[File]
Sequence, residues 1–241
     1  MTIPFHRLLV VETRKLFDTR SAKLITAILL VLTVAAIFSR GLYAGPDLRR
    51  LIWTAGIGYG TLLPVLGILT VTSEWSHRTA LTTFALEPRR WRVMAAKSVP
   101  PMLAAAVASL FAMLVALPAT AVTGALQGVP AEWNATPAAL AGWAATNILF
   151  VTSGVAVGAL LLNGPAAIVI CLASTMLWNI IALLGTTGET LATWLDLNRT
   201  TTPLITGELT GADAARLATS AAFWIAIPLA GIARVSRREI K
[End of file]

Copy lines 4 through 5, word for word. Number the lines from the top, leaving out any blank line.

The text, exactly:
   101  PMLAAAVASL FAMLVALPAT AVTGALQGVP AEWNATPAAL AGWAATNILF
   151  VTSGVAVGAL LLNGPAAIVI CLASTMLWNI IALLGTTGET LATWLDLNRT